All day long, *nothing* was biting. Not bass, not perch, not even croppies. Finally we headed home and were almost there when we saw those insane, purple-black clouds coming from the west, and a solid line of cars coming up from Spokane, but all had their headlights on at 1 in the afternoon.
My mom almost leapt out of the house as we pulled into our driveway, and barely 15 minutes later the ash started falling. I can’t imagine how worried she must have been sitting there alone, watching the news as Ritzville and other places were swallowed in ash, and desperately hoping we’d turn on the truck’s radio.
Wow. You never really hear how far the damage from volcanos can go and how harsh it can be.
Can see now why Pompeii, and the other neighbouring towns, were devistated like they were.
Great story, chills!
I have a number of stories in the pipeline that play with the idea because the concept haunts me.
Mine are built around Yellowstone or the supervolcanos here in New Mexico.
SUPERVOLCANO Yellowstone Movie Full 2 Hours
COLORES | Sleeping Monsters, Sacred Fires: Volcanos Of New Mexico | New Mexico PBS
Carolyn Ivy Stein
That is an incredible story and told so vividly that my heart was pounding. I need to know how you made me feel that way in 1,291 words.
“I need to know how you made me feel that way in 1,291 words.”
-Dean’s a Master, and he has skillz. 🙂
Scary experience, great story. But: was the Firebird indeed dead?
Towed it to a garage about two weeks later, had them flush everything out, save it. If I had tried to drive it again, I would have killed it. I was still driving the Firebird when I picked up Kris six years later in New Mexico.
I was only a little boy in Michigan, but my parents say that by Day 3 the ash had arrived in the Midwest. They say it was about an inch.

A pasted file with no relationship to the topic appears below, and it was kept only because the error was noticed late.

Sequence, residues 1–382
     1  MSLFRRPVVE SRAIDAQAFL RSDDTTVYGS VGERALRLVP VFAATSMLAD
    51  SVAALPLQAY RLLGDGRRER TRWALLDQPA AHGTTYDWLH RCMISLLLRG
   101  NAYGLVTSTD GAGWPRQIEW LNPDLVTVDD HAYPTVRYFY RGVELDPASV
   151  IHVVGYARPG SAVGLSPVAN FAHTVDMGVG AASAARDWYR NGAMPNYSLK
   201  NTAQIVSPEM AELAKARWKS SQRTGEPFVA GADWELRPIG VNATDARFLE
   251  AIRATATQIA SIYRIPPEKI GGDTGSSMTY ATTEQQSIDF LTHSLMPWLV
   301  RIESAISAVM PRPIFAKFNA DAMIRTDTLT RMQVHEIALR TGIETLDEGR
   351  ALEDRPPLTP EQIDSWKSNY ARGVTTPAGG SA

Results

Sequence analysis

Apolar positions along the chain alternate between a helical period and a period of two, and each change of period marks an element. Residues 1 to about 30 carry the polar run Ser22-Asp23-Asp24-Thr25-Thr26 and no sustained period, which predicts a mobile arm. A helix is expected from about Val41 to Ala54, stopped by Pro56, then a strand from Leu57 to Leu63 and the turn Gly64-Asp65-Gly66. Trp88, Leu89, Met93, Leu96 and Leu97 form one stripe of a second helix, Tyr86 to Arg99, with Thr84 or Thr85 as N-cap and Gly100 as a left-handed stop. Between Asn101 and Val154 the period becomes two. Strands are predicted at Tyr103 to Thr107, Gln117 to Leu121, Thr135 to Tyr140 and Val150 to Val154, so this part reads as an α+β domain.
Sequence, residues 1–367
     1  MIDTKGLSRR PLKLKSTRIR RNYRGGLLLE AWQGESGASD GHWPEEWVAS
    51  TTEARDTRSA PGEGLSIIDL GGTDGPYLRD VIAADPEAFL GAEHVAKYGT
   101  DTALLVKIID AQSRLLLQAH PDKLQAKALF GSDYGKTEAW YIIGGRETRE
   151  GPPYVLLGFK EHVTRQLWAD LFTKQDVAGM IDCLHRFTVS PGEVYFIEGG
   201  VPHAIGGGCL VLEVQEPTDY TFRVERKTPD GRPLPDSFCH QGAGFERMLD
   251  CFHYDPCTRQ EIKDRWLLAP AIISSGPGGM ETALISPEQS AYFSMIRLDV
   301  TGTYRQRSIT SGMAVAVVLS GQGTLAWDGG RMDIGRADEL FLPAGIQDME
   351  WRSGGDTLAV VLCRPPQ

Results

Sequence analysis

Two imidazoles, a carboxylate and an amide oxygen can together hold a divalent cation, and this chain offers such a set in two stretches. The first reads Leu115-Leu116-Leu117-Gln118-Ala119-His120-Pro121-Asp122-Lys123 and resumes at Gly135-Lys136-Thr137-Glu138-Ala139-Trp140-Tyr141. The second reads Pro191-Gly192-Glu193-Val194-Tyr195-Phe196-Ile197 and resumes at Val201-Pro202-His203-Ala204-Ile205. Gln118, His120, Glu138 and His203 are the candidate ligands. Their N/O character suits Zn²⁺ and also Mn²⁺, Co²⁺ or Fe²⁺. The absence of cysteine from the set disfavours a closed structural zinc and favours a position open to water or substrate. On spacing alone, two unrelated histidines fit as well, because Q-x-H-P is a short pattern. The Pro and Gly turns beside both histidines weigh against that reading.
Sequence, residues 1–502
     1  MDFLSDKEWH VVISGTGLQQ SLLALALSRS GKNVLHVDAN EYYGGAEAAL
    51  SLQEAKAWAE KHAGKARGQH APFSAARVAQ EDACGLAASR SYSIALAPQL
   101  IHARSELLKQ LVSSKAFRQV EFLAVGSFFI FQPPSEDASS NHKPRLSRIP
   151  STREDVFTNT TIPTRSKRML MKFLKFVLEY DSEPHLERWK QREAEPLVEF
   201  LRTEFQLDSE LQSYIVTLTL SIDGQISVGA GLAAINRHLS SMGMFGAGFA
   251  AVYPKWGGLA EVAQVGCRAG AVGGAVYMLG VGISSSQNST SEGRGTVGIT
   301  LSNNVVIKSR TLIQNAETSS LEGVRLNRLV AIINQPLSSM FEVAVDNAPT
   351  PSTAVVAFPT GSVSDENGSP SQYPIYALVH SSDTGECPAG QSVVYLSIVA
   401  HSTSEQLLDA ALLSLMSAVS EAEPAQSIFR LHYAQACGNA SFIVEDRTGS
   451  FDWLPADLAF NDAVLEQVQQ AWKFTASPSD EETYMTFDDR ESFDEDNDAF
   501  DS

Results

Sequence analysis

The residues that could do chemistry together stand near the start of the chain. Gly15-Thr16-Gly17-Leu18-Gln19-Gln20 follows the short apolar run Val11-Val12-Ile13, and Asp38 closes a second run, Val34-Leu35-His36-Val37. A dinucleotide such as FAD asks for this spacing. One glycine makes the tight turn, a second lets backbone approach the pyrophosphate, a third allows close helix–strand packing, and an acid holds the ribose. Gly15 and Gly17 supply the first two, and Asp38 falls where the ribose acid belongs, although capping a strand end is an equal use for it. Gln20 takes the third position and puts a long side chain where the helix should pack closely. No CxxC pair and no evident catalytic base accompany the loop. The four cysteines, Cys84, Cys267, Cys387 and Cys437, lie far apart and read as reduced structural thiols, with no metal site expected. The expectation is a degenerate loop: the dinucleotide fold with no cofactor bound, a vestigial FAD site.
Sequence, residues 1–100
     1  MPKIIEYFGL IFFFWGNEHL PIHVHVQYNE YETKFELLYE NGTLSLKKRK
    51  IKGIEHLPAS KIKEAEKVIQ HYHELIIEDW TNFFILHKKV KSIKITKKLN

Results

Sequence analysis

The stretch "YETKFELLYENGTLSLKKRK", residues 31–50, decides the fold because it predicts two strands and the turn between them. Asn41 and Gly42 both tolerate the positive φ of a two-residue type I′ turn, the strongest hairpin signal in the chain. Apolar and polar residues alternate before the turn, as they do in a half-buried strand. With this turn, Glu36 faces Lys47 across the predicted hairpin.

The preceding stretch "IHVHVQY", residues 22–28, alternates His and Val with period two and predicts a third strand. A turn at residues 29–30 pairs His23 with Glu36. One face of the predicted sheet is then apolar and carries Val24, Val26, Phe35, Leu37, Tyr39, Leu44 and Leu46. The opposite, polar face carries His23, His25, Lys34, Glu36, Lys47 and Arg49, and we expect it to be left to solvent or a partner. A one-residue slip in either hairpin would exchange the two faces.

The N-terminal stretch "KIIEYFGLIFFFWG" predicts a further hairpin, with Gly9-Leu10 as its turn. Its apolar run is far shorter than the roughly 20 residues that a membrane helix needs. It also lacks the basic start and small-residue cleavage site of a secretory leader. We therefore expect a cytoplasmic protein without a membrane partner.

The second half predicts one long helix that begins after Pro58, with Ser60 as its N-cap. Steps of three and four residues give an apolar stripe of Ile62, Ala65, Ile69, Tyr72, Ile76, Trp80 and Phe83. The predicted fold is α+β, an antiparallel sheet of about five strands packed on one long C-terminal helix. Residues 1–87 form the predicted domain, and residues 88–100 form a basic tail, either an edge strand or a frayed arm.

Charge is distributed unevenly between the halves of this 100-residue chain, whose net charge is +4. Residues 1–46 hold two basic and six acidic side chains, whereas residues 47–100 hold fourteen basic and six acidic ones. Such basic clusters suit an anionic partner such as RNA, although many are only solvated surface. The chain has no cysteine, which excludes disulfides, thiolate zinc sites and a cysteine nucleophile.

I was in Tucson when this happened. One of my dad’s fighter pilot buddies was on temporary assignment up in Montana, and got grounded for a few days because of all the atmospheric static. Weird times.
I was in Tucson as well, stationed at Davis-Monthan AFB and pregnant with my second son. I don’t remember us getting a lot of ash, because of the wind patterns, but there was some. I stayed inside as much as possible, and used a handkerchief over my nose and mouth when I had to go outside.
It was a scary time, because we had no idea what was going to happen next, or what the long-term affects would be.
Yup, all the wheat farmers on the Palouse weren’t sure if their farms were dead or not. Totally depended on the content of all that ash. Turned out the grass and wheat grew right up through the layer of packed ash. Amazingly lucky it turned out that way.
I was in the country for just a few months at that time, finishing my first year of high school with a dictionary tucked into my arm. We were following the news from New Jersey in the presence of our sponsors, who translated the highlights of the reports into Czech for us. There was a general sense of excitement (Wow! A real volcano!), along with “but that area isn’t densely inhabited… is it?” We had hoped it was “just woods.” We found out about the devastation of the little towns, and of the deaths, only later through a thorough report in National Geographic. By then, enough time had passed that we were able to read it for ourselves. The internet makes the intensity and the extent of human suffering a lot more immediate than the TV did back then. Great first-hand account, Dean.
T Thorn Coyle
Great account, Dean! What a story! You’re right about not much being said about people down wind.
My other favorite account of Mt. St. Helens blowing is from journalist John Hockenberry, who was a stringer for NPR and the only reporter they had on the ground at the time. He tried and tried to file his story, knew they were waiting on him…but he couldn’t find an office open, and the phone booth he came across wouldn’t fit his wheelchair. He couldn’t reach the phone. Missed his deadline. NPR were furious.
That was how NPR found out their Pacific Northwest stringer was a wheelchair user.
If you’re interested, it’s part of a terrific collection of essays he wrote called Moving Violations about traveling the world with his chair as a reporter to places like Gaza and Kurdistan.
I was in Vancouver, WA. I don’t remember much. I was too young and the mountain blew the other way. My family has stories about it though, nothing like being in the plume zone, but we did have ash all over.